It’s about 11:30 p.m. on a Friday in February. Miranda and Jessica had spent the evening at the mall after closing up the office. After shopping, dinner and a late movie, the two women say good bye to each other and head out into the now deserted parking lot.
Jessica had parked under a street light close to the theater mall exit. She scans the parking lot area around her car. About 20 yards away, she sees a man in a parka standing by a van. He looks like Bob, the new janitor at her office. Bob seems to be staring at her. Since he started a month ago, he has given her the creeps. She looks straight into Bob’s eyes, acknowledging him without smiling. He looks away. With her chin up and her shoulders straight, still scanning her surroundings, she walks directly to her car. With her automatic key ready, she unlocks the car, gets in, locks the doors, puts her seat belt on and drives off.
Miranda is loaded with shopping bags, fumbling for her keys with one hand and pressing her cell phone to her ear with the other hand to call her husband. She can’t remember where she parked, and is searching for her car in the dark parking lot. The high heels of her new boots are hurting her feet. She is preoccupied with wondering why her husband isn’t answering his phone.
A man in a parka is walking towards her quickly. She doesn’t notice him until he is only six feet away. Then she recognizes him as Bob, the new janitor. He makes her feel uncomfortable because he always seems to try to hang around her in the supply room. Suddenly she’s afraid, but she thinks that’s silly and she doesn’t want to be impolite when he comes closer and calls her name. She has always been taught to be nice.
Jessica recently attended a self-defense workshop. She recognizes that being in an isolated place like a parking lot at night is potentially dangerous. She’s aware of her surroundings, the time of day, and the people and the circumstances around her. She planned ahead and parked under a light close to the exit that she would use at the end of the evening. She notices the man in the parka. Even though she recognizes him and “knows” him as Bob, the new office janitor, she trusts her gut instincts. She is aware of her verbal and physical boundaries and will preserve them. If he comes any closer she will yell at him to back off. And if he doesn’t and grabs her, she will knee him in the groin or punch him in the throat or do whatever it takes to get away from him.
Miranda said she didn’t need any self-defense courses. She lives in a safe, small town and she’s a mature woman in her late forties who doesn’t expose herself to high risk environments like big city night life or subways where strangers might attack pretty, young women.
Awareness is one of the most important aspects of self-defense. Research and interviews with offenders have demonstrated that predators select victims based on their assessment that they will succeed in easily controlling the selected victim both verbally and physically. Most predators don’t want to fight. They want to humiliate, control, and dominate their victims, all without getting caught or physically injured.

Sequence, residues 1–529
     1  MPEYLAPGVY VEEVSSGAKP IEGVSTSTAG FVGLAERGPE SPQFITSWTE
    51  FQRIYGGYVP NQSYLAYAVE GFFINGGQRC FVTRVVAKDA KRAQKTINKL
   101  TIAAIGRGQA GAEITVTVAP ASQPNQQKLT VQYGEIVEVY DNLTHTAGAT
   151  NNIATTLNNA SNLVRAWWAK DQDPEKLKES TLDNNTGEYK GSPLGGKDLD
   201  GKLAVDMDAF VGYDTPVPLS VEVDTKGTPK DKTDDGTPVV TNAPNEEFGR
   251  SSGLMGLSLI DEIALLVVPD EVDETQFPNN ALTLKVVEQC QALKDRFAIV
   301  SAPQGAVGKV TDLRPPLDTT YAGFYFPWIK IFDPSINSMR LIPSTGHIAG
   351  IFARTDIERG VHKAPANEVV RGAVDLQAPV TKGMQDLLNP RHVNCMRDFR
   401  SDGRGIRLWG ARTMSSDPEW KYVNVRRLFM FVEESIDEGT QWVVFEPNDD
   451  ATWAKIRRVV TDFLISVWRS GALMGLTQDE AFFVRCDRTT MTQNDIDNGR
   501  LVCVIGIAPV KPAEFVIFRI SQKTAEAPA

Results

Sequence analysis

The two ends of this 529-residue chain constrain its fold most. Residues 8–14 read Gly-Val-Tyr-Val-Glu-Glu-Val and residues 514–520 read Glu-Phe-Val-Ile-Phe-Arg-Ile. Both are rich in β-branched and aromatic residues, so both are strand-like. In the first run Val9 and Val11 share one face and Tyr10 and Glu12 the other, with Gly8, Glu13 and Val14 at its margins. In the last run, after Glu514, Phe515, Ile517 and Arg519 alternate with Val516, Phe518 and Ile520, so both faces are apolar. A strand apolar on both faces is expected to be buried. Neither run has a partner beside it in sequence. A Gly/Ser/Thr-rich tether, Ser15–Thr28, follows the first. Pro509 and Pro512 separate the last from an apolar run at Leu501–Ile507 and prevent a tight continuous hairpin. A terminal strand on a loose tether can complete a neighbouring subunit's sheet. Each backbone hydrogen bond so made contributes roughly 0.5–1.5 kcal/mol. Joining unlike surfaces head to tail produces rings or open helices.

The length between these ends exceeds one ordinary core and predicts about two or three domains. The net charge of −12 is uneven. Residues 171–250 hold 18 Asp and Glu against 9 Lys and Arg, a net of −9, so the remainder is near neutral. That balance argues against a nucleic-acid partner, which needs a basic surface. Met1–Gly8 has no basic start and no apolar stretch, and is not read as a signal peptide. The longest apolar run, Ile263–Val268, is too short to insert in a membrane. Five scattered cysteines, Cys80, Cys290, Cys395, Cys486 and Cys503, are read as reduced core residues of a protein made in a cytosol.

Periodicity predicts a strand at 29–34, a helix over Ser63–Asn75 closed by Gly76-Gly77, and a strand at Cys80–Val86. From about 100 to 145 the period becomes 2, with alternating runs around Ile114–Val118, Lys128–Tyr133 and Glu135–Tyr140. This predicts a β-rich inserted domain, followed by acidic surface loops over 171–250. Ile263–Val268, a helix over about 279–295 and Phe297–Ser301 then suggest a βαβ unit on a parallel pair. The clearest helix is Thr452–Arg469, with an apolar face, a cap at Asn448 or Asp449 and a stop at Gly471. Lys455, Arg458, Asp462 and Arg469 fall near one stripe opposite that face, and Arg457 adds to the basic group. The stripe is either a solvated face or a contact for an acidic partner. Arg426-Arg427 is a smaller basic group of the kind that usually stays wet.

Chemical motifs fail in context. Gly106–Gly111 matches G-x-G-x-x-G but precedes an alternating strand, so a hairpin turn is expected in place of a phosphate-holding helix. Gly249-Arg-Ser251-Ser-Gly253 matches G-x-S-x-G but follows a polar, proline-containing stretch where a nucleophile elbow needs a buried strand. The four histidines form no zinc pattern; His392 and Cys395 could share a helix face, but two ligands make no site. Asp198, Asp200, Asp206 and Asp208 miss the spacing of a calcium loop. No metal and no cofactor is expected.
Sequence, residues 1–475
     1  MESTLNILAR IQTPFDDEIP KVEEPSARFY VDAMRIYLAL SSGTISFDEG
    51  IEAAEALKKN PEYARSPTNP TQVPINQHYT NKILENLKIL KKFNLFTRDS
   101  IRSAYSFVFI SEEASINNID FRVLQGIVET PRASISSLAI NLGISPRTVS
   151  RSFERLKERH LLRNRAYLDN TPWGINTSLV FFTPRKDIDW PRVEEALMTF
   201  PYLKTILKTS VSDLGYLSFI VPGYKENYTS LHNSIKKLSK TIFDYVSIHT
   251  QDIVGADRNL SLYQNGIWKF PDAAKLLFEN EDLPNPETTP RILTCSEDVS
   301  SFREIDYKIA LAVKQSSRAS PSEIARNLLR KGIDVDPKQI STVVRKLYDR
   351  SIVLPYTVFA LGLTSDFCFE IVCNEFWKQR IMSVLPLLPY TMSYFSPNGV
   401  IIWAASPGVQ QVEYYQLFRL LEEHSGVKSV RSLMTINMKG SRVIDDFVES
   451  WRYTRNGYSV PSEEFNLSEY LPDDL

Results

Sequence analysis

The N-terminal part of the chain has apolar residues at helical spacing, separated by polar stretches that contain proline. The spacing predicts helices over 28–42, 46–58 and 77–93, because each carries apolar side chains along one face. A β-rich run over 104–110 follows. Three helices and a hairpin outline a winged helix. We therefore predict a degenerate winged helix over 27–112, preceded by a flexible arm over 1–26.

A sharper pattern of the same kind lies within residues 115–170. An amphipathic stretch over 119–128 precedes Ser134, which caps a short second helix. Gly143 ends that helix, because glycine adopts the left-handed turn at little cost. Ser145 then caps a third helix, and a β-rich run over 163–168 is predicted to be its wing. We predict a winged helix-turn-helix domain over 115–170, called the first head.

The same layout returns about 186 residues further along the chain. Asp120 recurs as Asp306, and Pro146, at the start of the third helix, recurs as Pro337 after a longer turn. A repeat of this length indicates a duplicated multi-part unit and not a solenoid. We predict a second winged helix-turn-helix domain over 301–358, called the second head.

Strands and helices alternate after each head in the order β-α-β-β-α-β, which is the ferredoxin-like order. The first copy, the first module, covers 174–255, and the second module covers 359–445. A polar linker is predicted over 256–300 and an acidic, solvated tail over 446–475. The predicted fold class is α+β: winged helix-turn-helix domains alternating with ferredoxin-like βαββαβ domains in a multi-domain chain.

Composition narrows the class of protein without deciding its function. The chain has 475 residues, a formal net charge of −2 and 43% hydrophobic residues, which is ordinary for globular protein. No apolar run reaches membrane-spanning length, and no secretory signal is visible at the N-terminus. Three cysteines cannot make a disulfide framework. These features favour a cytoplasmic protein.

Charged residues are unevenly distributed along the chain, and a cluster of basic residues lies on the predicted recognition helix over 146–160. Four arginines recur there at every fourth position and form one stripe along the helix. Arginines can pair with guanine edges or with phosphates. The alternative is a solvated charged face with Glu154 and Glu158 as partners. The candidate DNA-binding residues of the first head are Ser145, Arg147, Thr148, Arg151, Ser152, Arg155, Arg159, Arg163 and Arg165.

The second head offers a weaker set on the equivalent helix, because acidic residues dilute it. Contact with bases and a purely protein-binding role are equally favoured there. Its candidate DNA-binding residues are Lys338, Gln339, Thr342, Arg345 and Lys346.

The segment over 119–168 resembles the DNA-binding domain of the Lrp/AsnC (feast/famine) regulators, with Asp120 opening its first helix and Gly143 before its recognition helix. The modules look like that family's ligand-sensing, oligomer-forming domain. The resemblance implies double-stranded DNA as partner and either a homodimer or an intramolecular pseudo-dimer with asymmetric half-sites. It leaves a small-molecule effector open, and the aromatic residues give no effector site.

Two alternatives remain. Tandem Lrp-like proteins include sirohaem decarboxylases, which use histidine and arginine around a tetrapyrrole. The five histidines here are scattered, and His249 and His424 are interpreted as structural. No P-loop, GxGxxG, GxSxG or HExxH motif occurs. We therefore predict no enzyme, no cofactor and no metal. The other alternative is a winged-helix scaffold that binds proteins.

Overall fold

A critical part of any self-defense class is education in risk awareness, recognition, reduction and avoidance, based on up-to date information and research. Women need to relearn to trust their gut instincts and to internalize that their safety comes first – before being polite and “nice.” And they need to unlearn myths. Most women get attacked by men they know in places they consider safe. Only a small percentage of women become victims of strangers lurking in the bushes. Many myths about attacks on women still persist.
Awareness education and practice in assertiveness and in setting physical and verbal boundaries should be a major part of your training. To be effective, your training should also include physical self-defense techniques that are practical, realistic, and specifically geared towards the type of attacks most commonly used against women, including restraints and strangulation.
Unless you are a highly trained martial artist, fancy jump-spinning kicks, joint manipulation and pressure point techniques probably won’t do you much good in a real attack. Instead, your training should focus on simple, basic techniques that use your gross motor skills. Women need to learn to use their natural personal weapons – their fists, elbows, knees, feet, voices and, most importantly, their brains and common sense. And they should be able to learn and practice these skills in a supportive, women-focused environment.
No self-defense course can guarantee your safety – the only guarantee is that you will be better prepared should you ever be targeted or attacked. You are your best self-defense investment – and because of that it makes a lot of sense to learn how to prepare yourself mentally, emotionally, and physically.
By the way, that night, Jessica may have saved both herself and Miranda from being Bob’s next victim.